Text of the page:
If the parents want to request modifications for their child, then the special education teacher will give the student’s teachers paperwork to document the student’s behavior and any modifications the teacher uses for the student. After 6 weeks of documentation, the teachers will turn in the paperwork, and the special education teacher or 504 representative will call a meeting similar to an ARD meeting. If the meeting determines that the student needs accommodation, then the school will have documentation of the student’s special needs and will follow the same procedures as above.

Foreign language instruction is not offered during the school day, but students may take French, Spanish, or Mandarin Chinese classes after school.

Students attend a visual arts class as a part of their ancillary rotation. They take lessons in drawing, painting, pottery, design, and art history. As a magnet component, the art program is closely linked to the academic curriculum. In addition to the visual arts, students attend music classes weekly.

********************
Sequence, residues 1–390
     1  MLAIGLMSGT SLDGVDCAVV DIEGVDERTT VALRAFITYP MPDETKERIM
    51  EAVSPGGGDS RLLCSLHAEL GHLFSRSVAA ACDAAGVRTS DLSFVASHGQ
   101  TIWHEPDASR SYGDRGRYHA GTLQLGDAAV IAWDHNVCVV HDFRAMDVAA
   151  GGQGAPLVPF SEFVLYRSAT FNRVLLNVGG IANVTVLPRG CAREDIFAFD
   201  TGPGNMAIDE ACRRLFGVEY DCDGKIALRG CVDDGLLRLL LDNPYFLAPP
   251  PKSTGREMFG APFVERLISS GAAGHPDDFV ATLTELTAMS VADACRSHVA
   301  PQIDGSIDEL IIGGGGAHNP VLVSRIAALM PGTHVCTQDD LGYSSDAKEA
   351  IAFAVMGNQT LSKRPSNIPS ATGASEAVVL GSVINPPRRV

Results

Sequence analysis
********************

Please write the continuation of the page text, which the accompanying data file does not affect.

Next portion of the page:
Horn’s computer literacy program, a component of the magnet program, teaches students computer terminology, word processing, spreadsheets, and keyboarding skills on Apple computers. A computer lab teacher works to help integrate core subjects with technology.

Students wishing to use email and the Internet must have signed approval from their parents.

Horn’s computer literacy program, a component of the magnet program, teaches students computer terminology, word processing, spreadsheets, and keyboarding skills on Apple computers. A computer lab teacher works to help integrate core subjects with technology.

Students wishing to use email and the Internet must have signed approval from their parents.

No information concerning Horn Academy’s athletic programs is available at this time.

Parents can join the dues-paying PTO, tutor, maintain the lawns, help make the yearbook, or even volunteer their time at the Horn Spaghetti Supper with “Pasta Pals.” Fathers can join the Horn Dad’s Club, a group that hosts activities and supports the PTO. In order to volunteer on campus, even through the PTO or Dad’s Club, parents must first undergo training through HISD’s Volunteers in Public Schools program.

Additionally, the Shared Decision Making Committee (SDMC), made up of parents, faculty, and community members, holds monthly meetings to discuss issues and advise the principal.

Q&A With the Horn Elementary